World AIDS Day | TV Programming

So you all know by now that I am a huge advocate for HIV/AIDS education, prevention, and awareness. A good number of you readers out there helped support me in my 300 mile AIDS Ride this fall so I wanted to pass some information along as today, December 1st is World AIDS Day. Thanks again to everyone that donated and sent well wishes via email. I raised $5,000 and have already signed up for next year. I hope you will once again consider supporting the fight to find a cure for AIDS in 2007.

Today's WAD is a little different though as 2006 marks the 25th Anniversary of the first documented HIV/AIDS Case. As there is not a ton of programming dedicated to the day and to educating those sitting in front of their boob tubes tonight I thought I'd let you know what is out there.

There is an amazing documentary featuring Ashely Judd and india.arie as they travel to Africa in the moving AIDS doc "TRACKING THE MONSTER" airing tonight 7pm on VH1. Ashley Judd has continued to use her celeb to promote awareness and provide education on World AIDS Day. She is afterall the YouthAIDS Global Ambassador! She also hosted a previous documentary: "AIDS: A Pop Culture History" and it is amazing! It's aired a zillion times on VH1 as well and was originally produced in 2003. Check it out if you get the chance some day.

8pm TLC "Ashley Judd and YouthAIDS: Confronting the Pandemic"
One of Hollywood's most celebrated actresses, Ashley Judd, is teaming up with her friend Salma Hayek on a one-hour documentary about Judd’s work with YouthAIDS. Judd is the goodwill ambassador for YouthAIDS and on this trip through Central America, she takes Hayek on an unforgettable journey. From the brothels of Guatemala City to the coast of Honduras, these women are on a mission to get the message out. It's a message of hope — these young people can change their future by changing the behavior that puts them at risk of infection.

On their travels, Judd, Hayek and Latin rock star Juanes (also featured in this documentary) meet with the leaders who can affect change in their countries, as well as with the women and children who are directly impacted by the ravaging disease. TLC follows along as they document the personal stories of a disease that still carries great shame and stigma in Central America.

8pm Showtime "BEAT THE DRUM"
In this award-winning, Dickensian drama, an orphaned young South African boy named Musa (Junior Singo) leaves his AIDS-ravaged village for the gritty streets of Johannesburg, where a wealthy lawyer from a privileged family learns he has the disease, and a truck driver's dangerous sexual proclivities endanger his wife. Clive Scott and Owen Sejake costar in this acclaimed drama from South African director David Hickson.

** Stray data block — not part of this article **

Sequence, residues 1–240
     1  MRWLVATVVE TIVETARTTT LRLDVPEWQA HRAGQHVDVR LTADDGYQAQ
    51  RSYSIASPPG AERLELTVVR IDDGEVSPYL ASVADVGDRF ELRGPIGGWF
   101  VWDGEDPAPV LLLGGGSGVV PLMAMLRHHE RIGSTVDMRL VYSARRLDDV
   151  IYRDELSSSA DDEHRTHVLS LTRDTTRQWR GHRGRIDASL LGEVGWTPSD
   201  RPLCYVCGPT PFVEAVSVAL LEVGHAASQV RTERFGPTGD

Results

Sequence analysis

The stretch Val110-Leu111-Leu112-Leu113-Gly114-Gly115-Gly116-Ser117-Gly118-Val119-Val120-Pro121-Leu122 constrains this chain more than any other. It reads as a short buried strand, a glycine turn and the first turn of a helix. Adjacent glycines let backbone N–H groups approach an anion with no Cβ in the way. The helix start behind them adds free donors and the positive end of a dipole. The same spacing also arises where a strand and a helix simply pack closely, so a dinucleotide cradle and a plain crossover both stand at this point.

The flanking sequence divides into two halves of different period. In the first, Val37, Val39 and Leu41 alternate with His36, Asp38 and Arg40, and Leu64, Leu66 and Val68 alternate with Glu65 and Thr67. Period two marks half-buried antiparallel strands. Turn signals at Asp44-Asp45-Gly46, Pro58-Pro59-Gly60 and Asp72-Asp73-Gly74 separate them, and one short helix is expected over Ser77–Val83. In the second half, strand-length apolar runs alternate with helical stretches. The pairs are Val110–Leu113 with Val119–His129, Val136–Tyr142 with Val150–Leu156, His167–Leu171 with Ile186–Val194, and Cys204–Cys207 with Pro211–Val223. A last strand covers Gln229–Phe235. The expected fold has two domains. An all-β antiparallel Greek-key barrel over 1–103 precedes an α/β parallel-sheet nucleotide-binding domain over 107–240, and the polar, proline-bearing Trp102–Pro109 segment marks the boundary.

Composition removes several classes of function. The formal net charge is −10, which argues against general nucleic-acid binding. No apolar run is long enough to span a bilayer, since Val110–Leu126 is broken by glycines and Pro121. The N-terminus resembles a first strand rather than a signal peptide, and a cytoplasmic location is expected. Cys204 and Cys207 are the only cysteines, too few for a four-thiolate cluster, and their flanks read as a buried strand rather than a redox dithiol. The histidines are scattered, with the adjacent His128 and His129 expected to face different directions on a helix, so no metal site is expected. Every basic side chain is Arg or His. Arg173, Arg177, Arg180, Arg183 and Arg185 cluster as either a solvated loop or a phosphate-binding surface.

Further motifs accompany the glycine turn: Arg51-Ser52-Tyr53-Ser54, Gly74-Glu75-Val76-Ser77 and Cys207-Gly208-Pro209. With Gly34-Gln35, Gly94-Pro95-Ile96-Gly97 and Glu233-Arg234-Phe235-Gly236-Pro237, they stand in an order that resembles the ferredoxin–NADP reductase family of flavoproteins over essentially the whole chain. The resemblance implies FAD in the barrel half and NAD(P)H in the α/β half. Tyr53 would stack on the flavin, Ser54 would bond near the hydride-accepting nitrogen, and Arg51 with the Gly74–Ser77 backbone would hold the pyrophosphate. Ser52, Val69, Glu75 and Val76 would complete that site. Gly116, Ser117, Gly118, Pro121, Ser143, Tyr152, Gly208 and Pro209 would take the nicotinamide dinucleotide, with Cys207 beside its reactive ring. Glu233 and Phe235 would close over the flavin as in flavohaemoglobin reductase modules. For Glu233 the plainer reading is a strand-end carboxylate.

Showtime & MTVu "BLACK BOOK"
It's been 25 years since the first diagnosed case of HIV/AIDS. An entire generation has grown up without knowing a day without AIDS. This World AIDS Day, one member of that generation tells this story through film.

UCLA Junior, Darren J. Guttenberg's first film, "Black Book," will debut on MTVU and Showtime on World AIDS Day, December 1st, 2006. Guttenberg won the opportunity to have his screenplay turned into a film by professionals on the Paramount lot as the Grand Prize in the KNOW HIV/AIDS Short Screenplay Competition, along with winning the cash prize of $7,500. The Screenplay Competition was a new addition to the KNOW HIV/AIDS campaign, a multi-media, multi-platform awareness effort created by Viacom, CBS Corporation and the Kaiser Family Foundation in 2003.

The KNOW HIV/AIDS Screenplay Competition encouraged student screenwriters from selected Southern California colleges to write short scripts that addressed the topic of HIV/AIDS from the perspective of young people in America. Guttenberg's "Black Book," came in first from among the 50 qualifying entries.

"Black Book" is the story of a young man who believes himself invincible to HIV/AIDS, until he is persuaded to get an HIV test and learns of his status. The film follows this character as he deals with the reality of his diagnosis. "Black Book" refers to the book in which the character kept track of the women he had sex with. Upon learning of his status, the character then uses this book to notify his prior partners of his status and of their need to get tested.

Through his film, Guttenberg tries to elevate the importance of getting tested, before it's too late. Presently only one in four Americans infected with HIV/AIDS are aware of their status. "Black Book" stresses the point that it is impossible to tell if someone is HIV-positive just by looking at them and the only way to know your status is to get tested.

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